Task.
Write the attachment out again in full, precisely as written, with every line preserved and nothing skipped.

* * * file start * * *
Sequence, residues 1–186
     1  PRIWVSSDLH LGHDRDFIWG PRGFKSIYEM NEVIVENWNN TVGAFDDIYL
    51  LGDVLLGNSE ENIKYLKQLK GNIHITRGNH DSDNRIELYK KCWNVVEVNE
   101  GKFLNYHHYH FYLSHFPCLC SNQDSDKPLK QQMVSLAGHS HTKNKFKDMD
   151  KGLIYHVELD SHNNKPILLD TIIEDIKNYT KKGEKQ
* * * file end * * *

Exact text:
Sequence, residues 1–186
     1  PRIWVSSDLH LGHDRDFIWG PRGFKSIYEM NEVIVENWNN TVGAFDDIYL
    51  LGDVLLGNSE ENIKYLKQLK GNIHITRGNH DSDNRIELYK KCWNVVEVNE
   101  GKFLNYHHYH FYLSHFPCLC SNQDSDKPLK QQMVSLAGHS HTKNKFKDMD
   151  KGLIYHVELD SHNNKPILLD TIIEDIKNYT KKGEKQ